This preview shows page 1. Sign up to view the full content.
Unformatted text preview: One day, as Charles and his father were walking just outside Rochester, his father pointed out the local mansion, Gad's Hill Place, and suggested that if the boy made the most of his talents he might someday be able to live in such a house. This is a classic example of a small, seemingly inconsequential moment that later proves to be highly significant. Gad's Hill Place became an ideal for the boy, and one that helped him associate talent with financial success. In 1856, when Dickens was forty-four, he was able to buy the house; he loved it and never moved again. In 1822, John Dickens, then a senior clerk in the navy pay office, was transferred from Chatham to London. There, continuing to spend more than he earned, he soon became hopelessly insolvent. In 1824, Charles was taken out of school and sent to work, pasting labels on pots of shoe blacking. Two 1824, Charles was taken out of school and sent to work, pasting labels on pots of shoe blacking....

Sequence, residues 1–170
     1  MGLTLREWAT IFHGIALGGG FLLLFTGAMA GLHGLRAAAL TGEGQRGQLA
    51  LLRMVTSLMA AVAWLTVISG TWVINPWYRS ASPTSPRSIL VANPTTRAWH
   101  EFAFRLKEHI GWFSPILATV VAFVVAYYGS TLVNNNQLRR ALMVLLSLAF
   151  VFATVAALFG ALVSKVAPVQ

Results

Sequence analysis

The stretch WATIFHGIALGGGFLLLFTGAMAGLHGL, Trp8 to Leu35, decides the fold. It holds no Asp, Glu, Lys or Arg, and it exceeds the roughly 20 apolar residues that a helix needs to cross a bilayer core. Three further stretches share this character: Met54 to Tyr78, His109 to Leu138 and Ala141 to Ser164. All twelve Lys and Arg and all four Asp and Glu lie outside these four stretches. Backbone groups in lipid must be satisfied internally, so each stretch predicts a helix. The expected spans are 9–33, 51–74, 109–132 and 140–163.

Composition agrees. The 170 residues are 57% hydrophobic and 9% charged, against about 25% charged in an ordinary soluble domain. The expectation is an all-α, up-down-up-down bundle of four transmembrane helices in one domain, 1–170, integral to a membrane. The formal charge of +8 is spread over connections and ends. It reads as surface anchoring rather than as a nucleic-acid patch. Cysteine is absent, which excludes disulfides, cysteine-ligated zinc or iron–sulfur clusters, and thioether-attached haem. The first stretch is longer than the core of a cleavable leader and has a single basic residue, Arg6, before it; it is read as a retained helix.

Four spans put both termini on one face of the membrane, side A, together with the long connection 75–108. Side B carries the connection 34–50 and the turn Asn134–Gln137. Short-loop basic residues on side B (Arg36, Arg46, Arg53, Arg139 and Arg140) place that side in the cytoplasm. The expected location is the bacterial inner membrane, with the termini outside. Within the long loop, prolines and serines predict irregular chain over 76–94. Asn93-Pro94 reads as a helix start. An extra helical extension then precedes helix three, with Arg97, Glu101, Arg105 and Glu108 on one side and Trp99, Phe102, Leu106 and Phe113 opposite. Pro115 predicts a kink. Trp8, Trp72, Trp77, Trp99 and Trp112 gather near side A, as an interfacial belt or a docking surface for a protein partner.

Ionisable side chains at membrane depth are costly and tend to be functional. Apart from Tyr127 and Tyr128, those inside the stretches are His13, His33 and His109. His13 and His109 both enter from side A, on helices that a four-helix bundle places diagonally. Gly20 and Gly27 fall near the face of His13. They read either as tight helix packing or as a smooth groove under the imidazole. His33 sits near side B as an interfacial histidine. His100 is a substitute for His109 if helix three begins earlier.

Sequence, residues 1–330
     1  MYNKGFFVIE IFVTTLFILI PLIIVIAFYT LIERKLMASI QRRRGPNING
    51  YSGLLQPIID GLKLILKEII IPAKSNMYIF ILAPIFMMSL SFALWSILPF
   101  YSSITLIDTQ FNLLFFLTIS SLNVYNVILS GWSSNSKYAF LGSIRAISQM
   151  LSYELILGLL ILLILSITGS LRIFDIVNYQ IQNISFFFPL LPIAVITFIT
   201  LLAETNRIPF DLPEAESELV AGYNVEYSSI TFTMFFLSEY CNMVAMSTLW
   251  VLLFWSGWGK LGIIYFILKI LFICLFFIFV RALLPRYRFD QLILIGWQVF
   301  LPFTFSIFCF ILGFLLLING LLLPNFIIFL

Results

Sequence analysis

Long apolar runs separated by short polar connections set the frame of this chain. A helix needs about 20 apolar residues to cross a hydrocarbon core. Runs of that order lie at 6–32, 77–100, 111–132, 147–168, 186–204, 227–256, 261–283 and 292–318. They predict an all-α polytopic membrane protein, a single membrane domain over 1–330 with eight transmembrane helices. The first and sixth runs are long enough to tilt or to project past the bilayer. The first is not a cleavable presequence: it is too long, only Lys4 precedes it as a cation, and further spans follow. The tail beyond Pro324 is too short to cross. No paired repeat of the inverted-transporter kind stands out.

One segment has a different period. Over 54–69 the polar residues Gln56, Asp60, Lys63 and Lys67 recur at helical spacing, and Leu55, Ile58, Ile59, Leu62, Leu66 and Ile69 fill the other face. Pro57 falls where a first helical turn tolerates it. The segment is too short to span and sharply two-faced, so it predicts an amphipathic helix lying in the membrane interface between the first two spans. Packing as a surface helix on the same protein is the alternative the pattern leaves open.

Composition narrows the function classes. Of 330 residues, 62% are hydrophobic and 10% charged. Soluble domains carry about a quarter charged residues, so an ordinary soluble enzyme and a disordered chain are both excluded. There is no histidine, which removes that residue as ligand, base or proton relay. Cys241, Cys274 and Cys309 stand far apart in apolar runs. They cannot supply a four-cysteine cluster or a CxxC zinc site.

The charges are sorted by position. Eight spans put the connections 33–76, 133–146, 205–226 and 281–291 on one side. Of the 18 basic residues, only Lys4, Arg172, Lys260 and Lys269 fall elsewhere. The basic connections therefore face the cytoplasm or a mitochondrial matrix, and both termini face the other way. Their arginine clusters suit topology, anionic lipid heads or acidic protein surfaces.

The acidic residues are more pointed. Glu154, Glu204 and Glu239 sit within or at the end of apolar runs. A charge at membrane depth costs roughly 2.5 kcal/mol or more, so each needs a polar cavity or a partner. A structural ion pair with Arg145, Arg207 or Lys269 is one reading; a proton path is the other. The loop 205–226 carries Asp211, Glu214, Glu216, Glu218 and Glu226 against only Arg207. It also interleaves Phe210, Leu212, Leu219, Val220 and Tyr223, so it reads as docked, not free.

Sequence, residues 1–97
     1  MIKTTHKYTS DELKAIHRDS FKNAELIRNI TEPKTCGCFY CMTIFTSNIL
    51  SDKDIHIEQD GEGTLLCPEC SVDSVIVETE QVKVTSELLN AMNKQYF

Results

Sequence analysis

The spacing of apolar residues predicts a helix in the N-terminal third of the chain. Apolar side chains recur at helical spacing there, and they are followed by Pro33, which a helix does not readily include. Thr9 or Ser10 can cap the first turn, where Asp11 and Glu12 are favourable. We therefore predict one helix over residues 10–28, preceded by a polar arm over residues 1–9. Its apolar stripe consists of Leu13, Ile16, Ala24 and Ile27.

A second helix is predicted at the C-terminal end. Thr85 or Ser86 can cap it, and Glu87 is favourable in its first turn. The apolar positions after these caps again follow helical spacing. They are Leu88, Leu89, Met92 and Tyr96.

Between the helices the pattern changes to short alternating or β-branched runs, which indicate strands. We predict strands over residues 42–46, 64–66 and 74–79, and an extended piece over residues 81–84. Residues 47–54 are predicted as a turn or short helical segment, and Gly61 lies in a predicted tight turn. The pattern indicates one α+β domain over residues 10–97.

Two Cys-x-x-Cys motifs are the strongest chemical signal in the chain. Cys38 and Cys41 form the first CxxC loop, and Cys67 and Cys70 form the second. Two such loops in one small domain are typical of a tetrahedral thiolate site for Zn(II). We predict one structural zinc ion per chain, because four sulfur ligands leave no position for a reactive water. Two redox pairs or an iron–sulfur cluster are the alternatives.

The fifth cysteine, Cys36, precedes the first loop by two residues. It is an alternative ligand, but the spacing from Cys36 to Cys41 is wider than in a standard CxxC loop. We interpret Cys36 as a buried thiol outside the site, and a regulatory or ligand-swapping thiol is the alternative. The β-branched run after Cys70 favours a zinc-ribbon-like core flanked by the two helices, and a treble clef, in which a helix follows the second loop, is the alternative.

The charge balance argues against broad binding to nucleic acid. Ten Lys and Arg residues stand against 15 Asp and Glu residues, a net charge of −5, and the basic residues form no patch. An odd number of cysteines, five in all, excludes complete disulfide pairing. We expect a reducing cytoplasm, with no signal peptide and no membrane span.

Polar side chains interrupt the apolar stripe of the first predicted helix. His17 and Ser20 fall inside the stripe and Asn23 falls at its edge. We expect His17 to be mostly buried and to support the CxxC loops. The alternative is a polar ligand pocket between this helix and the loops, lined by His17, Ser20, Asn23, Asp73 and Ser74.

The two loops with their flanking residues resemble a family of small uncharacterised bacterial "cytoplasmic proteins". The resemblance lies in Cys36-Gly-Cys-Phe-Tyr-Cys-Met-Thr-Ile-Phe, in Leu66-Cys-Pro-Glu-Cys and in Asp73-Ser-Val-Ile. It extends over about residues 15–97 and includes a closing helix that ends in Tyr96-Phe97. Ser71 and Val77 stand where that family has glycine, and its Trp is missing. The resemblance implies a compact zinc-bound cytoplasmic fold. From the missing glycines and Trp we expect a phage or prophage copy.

View Full Document
- Fall '08
- Bleak House